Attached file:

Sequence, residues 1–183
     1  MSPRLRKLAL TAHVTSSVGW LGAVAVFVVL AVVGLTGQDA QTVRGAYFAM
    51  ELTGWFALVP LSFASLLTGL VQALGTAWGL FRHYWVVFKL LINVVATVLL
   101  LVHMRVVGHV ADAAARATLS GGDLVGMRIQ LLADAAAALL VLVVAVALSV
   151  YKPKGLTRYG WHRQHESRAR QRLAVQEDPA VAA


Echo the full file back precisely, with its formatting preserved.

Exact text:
Sequence, residues 1–183
     1  MSPRLRKLAL TAHVTSSVGW LGAVAVFVVL AVVGLTGQDA QTVRGAYFAM
    51  ELTGWFALVP LSFASLLTGL VQALGTAWGL FRHYWVVFKL LINVVATVLL
   101  LVHMRVVGHV ADAAARATLS GGDLVGMRIQ LLADAAAALL VLVVAVALSV
   151  YKPKGLTRYG WHRQHESRAR QRLAVQEDPA VAA